I picked up issue #1 and #4 because I wanted to sample the series, and to be honest, because both issues have great covers. The covers are silver age-ish in both form and function. Namely, they grab your attention and they don't have anything to do with the stories inside. This is especially true for issue #4. I was so psyched for a sea-monster story only to later find out there was no sea-monster story.

Lesson learned: Comic readers are still suckers for cool covers.

Each issue contains three, seven page short stories. The quality of each story varies wildly, and unfortunately, just like it's silver age namesake, about half of the stories either fall flat on their face or rely on a telegraphed twist ending. The stories that escape these two pitfalls, however, are excellent reads.

Issue #1 features contributions by Brain Bolland, Dave Gibbons, and Robert Rodi & Frank Quitely.

Bolland writes and draws "The Kapas," a tale set in China's northwestern-most region, Sinkiang. The story offers a rare chance to see sequential art by Bolland, who primarily draws covers, but the story is hindered by the lack of a plot. A band of Englishman traveling the Silk Road (Marco Polo's old stomping grounds) enter a village and find a man being publicly executed in a fiendish torture device. (Death takes place slowly over the course of a week). An impromptu marketplace springs up around the public execution place, and the English narrators alternate between discussing the market vendor's unusual wares and the status of the slowly dying prisoner. The man dies, and the Englishmen leave. So what happened, really? They came, they saw, they left. Next please.

Continuing the trend of excellent artists trying their hand at both script and art duties, Dave Gibbons spins the sci-fi tale "Riddle of the Random Realities." The story works because Gibbons doesn't take it seriously, and the twist ending is both surprising and funny. In short, a scientist developing a replicator-type machine keeps causing bizarre modifications to his teenaged, comic reading assistant. As the scientist struggles to determine the cause of the modifications, Gibbons pokes fun at technical gobbledygook, comic book culture, and counter culture.

"Immune," written by Robert Rodi and illustrated by Frank Quitely, is the third story in issue #1. Set in the year 2014, a virus has swept across the globe, and before it kills it's victims, it causes large lesions to form on their face. This grotesque "scarlet letter," borne by most of the population, makes identifying the few immune characters easy. The story focuses on a trio of "immunes" - two girls and a guy - and the odd relationship/romance that blooms between them in the midst of worldwide catastrophe. Paranoia permeates the story's atmosphere, and the story's resolution magnificently ties together the three main types of paranoia (fear of contracting the disease, fear of unpredictable infected people, and the regular romantic fears) exhibited by each lead character. Overall, "Immune" is an excellent example of storytelling.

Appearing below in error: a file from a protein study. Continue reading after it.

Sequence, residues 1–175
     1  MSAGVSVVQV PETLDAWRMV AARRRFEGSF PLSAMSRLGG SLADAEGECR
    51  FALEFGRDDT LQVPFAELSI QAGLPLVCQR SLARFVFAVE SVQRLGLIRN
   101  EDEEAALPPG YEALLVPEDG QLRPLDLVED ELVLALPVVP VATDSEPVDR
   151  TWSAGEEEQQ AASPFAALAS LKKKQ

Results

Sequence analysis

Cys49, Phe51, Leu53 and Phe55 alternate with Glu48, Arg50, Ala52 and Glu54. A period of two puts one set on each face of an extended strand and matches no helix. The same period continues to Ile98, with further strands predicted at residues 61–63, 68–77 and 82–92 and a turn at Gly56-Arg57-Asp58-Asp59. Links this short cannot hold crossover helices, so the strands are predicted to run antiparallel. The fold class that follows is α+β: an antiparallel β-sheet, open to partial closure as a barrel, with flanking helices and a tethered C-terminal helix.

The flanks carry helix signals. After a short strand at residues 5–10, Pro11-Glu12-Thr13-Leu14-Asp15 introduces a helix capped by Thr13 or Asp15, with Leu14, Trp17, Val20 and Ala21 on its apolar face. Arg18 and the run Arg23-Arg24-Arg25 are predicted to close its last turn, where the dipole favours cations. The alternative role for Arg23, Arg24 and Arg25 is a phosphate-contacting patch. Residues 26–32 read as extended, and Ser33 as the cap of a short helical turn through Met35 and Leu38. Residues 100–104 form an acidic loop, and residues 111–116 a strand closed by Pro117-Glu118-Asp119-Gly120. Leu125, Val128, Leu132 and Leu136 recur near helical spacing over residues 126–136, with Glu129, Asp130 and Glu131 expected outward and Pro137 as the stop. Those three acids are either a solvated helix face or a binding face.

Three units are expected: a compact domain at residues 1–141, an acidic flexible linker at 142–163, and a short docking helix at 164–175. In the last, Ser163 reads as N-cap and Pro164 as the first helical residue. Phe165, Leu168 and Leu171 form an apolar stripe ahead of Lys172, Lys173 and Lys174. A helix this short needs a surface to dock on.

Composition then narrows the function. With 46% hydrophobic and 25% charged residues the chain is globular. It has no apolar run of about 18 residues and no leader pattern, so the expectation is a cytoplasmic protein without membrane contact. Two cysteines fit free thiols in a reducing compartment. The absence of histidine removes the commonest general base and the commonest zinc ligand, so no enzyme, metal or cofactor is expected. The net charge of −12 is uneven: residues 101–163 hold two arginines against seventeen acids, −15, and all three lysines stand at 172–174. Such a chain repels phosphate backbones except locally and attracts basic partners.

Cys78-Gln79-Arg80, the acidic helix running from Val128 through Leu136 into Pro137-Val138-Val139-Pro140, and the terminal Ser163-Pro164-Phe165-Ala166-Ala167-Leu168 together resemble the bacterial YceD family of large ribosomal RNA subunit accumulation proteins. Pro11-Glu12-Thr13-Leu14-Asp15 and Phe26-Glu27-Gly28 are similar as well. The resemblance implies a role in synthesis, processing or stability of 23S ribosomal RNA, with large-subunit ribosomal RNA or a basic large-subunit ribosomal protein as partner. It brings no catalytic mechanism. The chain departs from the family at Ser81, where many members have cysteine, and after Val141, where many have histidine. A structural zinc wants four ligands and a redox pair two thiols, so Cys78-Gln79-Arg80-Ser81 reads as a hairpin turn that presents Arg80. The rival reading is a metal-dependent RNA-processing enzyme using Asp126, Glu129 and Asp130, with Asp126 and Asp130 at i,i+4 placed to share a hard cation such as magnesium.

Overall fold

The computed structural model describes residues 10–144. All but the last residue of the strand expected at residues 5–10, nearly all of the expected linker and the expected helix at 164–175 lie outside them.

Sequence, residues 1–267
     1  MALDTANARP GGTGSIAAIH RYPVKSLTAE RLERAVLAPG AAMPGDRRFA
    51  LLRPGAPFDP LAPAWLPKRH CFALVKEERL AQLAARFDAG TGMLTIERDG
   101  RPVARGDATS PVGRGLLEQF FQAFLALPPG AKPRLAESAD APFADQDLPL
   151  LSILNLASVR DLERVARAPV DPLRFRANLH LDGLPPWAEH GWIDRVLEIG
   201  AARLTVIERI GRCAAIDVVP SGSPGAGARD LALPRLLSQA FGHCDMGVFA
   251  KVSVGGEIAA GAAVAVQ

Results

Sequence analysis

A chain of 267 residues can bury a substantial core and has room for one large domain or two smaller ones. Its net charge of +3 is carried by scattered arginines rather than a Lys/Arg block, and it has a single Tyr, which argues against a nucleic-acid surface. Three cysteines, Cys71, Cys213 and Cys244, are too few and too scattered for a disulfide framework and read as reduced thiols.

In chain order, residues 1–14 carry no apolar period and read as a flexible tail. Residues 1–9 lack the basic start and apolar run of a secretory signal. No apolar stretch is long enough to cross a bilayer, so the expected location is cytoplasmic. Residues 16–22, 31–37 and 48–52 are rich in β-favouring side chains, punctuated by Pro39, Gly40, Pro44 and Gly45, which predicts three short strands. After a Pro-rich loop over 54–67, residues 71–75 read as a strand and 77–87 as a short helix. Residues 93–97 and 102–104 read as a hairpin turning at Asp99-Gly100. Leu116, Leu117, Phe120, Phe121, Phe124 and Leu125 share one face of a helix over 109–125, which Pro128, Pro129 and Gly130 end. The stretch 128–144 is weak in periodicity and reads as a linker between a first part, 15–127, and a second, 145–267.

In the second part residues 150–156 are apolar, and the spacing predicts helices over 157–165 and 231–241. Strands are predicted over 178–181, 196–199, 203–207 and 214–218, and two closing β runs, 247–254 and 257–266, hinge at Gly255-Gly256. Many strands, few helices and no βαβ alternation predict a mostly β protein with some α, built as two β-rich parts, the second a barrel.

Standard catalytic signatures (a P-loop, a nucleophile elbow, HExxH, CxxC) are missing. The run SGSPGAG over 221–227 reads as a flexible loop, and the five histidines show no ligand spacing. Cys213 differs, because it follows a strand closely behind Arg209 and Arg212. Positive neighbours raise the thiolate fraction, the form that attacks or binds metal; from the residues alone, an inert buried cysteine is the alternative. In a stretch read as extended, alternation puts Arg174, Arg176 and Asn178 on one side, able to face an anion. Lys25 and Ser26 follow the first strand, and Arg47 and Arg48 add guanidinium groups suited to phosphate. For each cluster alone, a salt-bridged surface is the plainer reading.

Issue #4 also contains three stories, "Native Tongue," "Latch Key," and "Perfect Stranger."

Strange Adventures #4

Brian Azzarello and Essad Ribic bring us "Native Tongue," a murder mystery in which the lead character is a tabloid reporter trying to uncover the connection between cattle mutilations and a string of gruesome homicides. Could the killings be tied to cult? Could aliens be involved? Or is there no connection? The intrepid reporter eventually learns the truth - the hard way. Azzarello's script feels condensed, as it probably could've filled an entire issue, but Ribic's art is incredible and adds to the mood of the story.

"Latchkey" is a waste of space. The art is cartoony (in a bad way) and the plot is a poorly executed knock-off of "Home Alone." I'm not even going to embarrass the writer-artist of the story by mentioning his name.

Writer John Ney Rieber teams with artist Danijel Zezelj on "Perfect Stranger." (No, it doesn't have anything to do with the 1980's sit-com of a similar name.) Set in a futuristic world, the female protagonist of the story embarks on a mission of vengeance after being raped by a date who slipped a stimulant called MIMI into her drink. The kicker is, she also wants more of the MIMI drug. MIMI apparently brings out the best in a person - all your hopes and dreams seem achievable. I'm not sure what to make of the revelation regarding what MIMI really is, but asides from that, the story is a quirky take on lost dreams and shattered hopes.

Overall, three (out of six) excellent stories and two eye catching covers rates a B- in my book. You'll enjoy Strange Adventures if you're into hit-or-miss stories, looking for something different to read, or trying to find a cheap read in the discount bin.

And now it's quitting time!

Z2 5Y(2AB)6!

David R. Black is's magazine editor and chief archivist. A big fan of "The Warlord," he has a cat named Shakira and is looking for a girlfriend named Tara....